Perhaps the most internationally legendary of all of the current Broadway theaters, the Palace was built in 1913 as a vaudeville house by impresario Martin Beck of Orpheum Circuit fame. From the 1930's through the early 1960's it was a movie theater. Then, in 1966 it was re-opened as a legit house with Sweet Charity starring Gwen Verdon. Over the past century, "playing the Palace" has been a goal for many aspiring performers. Legends have played here: Eddie Cantor, Betty Hutton, Bob Hope, Danny Kaye, and both Judy Garland and her daughter, Liza Minnelli. And several legendary shows played here as well, including Applause, Woman of the Year, La Cage aux Folles and AIDA. These days, you can't see much of the grand old theater, as it is currently undergoing a (literal) face lift and renovation. Soon, though The Palace will once again take its place among the greatest theaters on Broadway.
# of shows we've seen here: 10
The shows we've seen here: AIDA, An American in Paris, Annie, Beauty and the Beast, La Cage aux Folles, Legally Blonde, Priscilla Queen of the Desert, Sunset Boulevard, West Side Story and The Will Rogers Follies
Broadway had never seen anything like it at the time Disney made its Broadway debut. Not only did they bring a beloved animated classic to life on stage, they expanded it and somehow made it better. Lavish doesn't even begin to describe the magic of every aspect of this production. For me, this is the best they've presented - including The Lion King.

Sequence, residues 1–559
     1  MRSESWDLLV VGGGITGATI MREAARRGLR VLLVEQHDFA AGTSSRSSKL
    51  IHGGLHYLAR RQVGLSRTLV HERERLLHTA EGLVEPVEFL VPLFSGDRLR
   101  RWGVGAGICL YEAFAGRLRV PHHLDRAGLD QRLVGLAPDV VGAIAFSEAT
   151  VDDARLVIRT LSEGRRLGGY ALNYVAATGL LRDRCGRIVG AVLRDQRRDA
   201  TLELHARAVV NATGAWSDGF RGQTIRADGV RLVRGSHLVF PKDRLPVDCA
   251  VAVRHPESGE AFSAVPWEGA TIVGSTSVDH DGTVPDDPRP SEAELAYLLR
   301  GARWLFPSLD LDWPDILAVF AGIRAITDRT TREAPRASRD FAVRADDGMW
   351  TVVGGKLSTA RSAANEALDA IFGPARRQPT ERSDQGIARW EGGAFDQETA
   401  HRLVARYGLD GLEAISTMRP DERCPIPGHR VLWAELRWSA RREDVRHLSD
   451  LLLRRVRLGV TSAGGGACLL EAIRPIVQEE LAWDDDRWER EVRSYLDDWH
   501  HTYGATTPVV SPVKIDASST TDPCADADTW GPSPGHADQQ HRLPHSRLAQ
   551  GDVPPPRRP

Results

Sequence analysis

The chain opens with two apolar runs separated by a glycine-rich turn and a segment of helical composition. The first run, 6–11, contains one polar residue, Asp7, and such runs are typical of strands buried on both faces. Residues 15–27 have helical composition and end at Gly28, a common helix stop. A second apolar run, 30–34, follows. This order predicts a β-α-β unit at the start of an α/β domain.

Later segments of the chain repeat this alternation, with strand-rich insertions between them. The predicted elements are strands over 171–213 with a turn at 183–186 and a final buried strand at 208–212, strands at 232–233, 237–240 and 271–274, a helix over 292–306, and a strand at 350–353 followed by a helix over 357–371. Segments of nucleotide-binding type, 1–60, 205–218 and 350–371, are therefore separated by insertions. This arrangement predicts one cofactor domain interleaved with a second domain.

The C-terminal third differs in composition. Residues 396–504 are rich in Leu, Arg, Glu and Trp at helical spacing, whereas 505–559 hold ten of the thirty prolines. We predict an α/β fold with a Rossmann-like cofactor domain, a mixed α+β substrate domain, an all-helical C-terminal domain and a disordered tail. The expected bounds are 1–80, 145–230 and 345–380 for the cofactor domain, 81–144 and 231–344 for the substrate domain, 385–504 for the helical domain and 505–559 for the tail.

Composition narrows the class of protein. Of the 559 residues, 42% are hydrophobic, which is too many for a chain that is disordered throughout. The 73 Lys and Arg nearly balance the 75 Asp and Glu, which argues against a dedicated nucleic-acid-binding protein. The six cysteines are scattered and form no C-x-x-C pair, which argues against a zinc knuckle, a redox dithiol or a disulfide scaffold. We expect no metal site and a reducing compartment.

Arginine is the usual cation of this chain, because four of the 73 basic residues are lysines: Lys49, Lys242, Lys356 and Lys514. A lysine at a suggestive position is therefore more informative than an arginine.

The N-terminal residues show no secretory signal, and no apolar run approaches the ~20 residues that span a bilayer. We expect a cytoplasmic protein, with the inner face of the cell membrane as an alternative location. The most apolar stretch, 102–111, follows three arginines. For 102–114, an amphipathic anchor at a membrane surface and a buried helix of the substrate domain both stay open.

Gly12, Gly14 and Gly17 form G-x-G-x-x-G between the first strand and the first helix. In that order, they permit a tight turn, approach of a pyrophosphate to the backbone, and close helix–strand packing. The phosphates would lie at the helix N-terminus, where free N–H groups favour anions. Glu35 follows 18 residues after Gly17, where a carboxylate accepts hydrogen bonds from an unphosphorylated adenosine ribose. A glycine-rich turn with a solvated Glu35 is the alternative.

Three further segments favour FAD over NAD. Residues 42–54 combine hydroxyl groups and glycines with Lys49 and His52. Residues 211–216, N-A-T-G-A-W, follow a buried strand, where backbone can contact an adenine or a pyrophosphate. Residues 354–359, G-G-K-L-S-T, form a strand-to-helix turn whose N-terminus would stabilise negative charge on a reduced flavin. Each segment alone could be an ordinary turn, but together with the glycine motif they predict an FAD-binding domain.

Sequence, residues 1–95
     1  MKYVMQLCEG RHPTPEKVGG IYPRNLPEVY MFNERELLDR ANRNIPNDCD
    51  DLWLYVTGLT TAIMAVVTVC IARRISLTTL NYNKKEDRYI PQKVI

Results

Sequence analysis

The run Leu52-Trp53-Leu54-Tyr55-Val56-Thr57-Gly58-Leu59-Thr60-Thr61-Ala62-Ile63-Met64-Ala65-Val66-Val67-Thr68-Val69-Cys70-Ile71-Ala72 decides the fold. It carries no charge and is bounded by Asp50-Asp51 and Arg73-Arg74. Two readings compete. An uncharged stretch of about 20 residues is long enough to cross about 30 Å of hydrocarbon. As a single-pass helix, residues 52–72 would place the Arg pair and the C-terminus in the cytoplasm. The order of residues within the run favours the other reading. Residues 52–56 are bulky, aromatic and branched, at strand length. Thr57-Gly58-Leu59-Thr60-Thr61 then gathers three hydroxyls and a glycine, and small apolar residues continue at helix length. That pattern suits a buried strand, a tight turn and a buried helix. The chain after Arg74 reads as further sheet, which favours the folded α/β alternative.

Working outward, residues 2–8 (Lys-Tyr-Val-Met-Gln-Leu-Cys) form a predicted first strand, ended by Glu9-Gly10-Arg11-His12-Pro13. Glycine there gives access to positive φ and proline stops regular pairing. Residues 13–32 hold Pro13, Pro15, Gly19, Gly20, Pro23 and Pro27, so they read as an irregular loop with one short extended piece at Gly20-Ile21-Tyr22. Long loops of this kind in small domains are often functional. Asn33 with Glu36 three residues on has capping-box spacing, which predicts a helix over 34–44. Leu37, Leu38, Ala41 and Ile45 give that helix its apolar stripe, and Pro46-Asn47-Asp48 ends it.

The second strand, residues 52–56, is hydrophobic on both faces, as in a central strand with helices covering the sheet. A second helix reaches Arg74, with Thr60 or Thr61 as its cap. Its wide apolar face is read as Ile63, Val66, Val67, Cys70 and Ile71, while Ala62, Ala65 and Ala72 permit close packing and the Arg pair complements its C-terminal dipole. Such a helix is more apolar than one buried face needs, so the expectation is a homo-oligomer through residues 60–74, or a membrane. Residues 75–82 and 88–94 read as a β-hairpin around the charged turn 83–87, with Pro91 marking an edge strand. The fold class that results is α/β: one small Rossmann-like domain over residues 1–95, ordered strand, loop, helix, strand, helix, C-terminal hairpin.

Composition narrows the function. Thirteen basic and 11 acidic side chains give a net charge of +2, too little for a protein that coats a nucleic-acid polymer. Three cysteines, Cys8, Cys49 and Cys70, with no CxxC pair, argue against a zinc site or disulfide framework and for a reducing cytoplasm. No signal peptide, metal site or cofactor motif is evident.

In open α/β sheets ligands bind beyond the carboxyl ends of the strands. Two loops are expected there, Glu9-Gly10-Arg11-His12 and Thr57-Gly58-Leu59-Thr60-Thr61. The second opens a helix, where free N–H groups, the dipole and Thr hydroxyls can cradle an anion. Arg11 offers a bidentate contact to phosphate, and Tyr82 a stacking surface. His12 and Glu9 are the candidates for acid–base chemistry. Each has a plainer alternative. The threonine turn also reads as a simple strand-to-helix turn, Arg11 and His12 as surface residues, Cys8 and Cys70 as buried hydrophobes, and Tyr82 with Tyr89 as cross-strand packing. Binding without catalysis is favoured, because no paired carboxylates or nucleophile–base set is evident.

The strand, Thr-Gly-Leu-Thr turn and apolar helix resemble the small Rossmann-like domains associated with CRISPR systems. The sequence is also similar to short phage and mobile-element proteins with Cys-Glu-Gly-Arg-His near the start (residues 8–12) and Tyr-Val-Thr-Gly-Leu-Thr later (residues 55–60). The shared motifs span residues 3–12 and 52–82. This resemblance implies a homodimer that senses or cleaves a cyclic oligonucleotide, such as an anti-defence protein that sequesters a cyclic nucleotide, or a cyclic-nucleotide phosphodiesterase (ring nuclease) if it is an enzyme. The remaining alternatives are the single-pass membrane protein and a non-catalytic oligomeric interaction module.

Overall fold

Back in the day, this triumphant Jerry Herman classic caused quite the stir - threats were made, picket lines were formed. You'd have thought it was today. A beautiful, powerful and outrageously funny show, it managed to be hopelessly old-fashioned and refreshingly modern all at once. I'll never forget George Hearn's triumphant "I Am What I Am." The stuff of legend.
Of all the many, many movie-to-musical shows, this is one of our favorites. Like Beauty and the Beast, this one took the film and expanded it in creative and surprising ways. It helps that the cast was completely delightful. But the book and score were just as great, too. Pure entertainment!
Despite being a virtual copy of the original production, this revival soared. Jerome Robbins' stunning choreography was breathtaking, and the performances were equally thrilling. It was a wonderful opportunity to see a classic.
Oh how I miss Tommy Tune. His style and endless creativity is missing on Broadway these days. This one was a jaw-dropper - the dancing, the concept, the visuals. And you can't beat a Cy Coleman-Betty Comden-Adolph Green show! Keith Carradine, Dee Hoty and Cady Huffman were charming and delightful.